Nov. 26 --
TUESDAY, Nov. 25 (HealthDay News) -- Here's something new you can worry about when traveling by car on your next vacation: Don't get too close to one of those huge tractor-trailer trucks if it's carrying a load of live chickens. It's a perfect breeding place for the transmission of germs from the chickens to humans.
And some of those germs may be resistant to many antibiotics, researchers from the Johns Hopkins Bloomberg School of Public Health have discovered. The scientists found increased levels of pathogenic bacteria on surfaces and on the air inside cars traveling behind trucks carrying broiler chickens. Typically, broiler chickens -- scientifically called "intensively raised poultry" -- are transported in open crates on the back of flatbed trucks. These crates are contaminated with feces and bacteria.
The study was conducted on the Delmarva Peninsula, a coastal region shared by Maryland, Delaware and Virginia. The peninsula has one of the highest densities of broiler chickens per acre in the United States. The researchers collected air and surface samples from cars driving two to three car lengths behind poultry trucks for a distance of 17 miles. The cars' windows were fully opened while following the trucks.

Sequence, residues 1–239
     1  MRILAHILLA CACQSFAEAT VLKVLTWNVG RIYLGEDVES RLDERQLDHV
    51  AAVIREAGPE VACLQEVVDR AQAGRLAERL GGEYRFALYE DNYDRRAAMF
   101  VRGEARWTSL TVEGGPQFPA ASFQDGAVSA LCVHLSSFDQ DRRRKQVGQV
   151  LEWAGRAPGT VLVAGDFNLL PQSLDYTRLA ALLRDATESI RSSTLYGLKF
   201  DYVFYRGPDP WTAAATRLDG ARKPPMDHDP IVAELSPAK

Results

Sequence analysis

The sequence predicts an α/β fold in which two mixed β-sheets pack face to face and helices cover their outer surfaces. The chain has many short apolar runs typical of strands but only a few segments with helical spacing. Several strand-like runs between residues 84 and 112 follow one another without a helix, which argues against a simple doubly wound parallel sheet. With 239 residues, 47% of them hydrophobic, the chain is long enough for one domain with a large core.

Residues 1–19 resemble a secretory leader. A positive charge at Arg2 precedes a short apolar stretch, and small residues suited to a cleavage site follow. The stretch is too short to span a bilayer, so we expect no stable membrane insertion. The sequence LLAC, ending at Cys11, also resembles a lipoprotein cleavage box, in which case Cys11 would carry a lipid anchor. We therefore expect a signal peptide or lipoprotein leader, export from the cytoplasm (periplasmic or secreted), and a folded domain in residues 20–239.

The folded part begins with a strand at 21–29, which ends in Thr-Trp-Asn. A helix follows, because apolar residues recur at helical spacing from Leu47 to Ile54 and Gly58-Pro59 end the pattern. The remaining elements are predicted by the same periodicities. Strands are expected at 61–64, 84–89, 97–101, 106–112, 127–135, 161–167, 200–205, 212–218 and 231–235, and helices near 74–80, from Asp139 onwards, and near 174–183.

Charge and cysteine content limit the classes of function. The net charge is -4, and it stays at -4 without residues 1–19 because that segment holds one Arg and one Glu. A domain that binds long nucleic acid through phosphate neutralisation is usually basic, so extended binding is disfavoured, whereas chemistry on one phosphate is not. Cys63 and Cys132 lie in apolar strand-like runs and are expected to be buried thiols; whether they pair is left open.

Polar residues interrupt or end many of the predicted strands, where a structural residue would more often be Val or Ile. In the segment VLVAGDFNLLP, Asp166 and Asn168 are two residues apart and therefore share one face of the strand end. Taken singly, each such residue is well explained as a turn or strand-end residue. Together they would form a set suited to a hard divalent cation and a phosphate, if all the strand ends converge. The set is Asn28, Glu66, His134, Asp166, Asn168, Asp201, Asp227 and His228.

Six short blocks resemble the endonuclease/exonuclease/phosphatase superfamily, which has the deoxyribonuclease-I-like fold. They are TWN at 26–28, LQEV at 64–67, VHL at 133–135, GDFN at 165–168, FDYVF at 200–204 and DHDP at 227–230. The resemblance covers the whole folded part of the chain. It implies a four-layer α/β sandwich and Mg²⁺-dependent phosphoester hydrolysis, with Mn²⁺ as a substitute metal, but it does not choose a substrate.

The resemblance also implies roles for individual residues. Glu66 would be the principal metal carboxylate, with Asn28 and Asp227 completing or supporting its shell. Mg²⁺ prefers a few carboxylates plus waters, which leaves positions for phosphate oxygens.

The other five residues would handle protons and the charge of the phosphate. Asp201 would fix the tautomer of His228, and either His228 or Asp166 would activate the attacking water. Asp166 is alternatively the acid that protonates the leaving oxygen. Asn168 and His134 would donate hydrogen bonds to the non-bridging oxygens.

Air samples from the cars showed increased concentrations of bacteria (including antibiotic-resistant strains) that could be inhaled. The same bacteria were also found in a soda can inside a car and on an outside door handle. Strains of bacteria collected from the cars were resistant to three antimicrobial drugs used to treat humans and also used as feed additives for broiler poultry.
"We were expecting to find some antibiotic-resistant organisms, since it's pretty clear that the transportation conditions for these chickens are not closed or contained," Ana M. Rule, a research associate in the Bloomberg School's department of environmental health sciences, said in a Johns Hopkins news release. "Our study shows that there is real exposure potential, especially during the summer months, when people are driving with the windows down; the summer is also a time of very heavy traffic in Delmarva by vacationers driving to the shore resorts."
Rule and her colleagues said further research is needed, and more needs to be done to contain bacteria associated with high-intensity poultry operations.
The study was published in the Journal of Infection and Public Health.
The U.S. National Institute of Allergy and Infectious Diseases has more about antibiotic resistance.
SOURCE: Johns Hopkins Bloomberg School of Public Health, news release, Nov. 24, 2008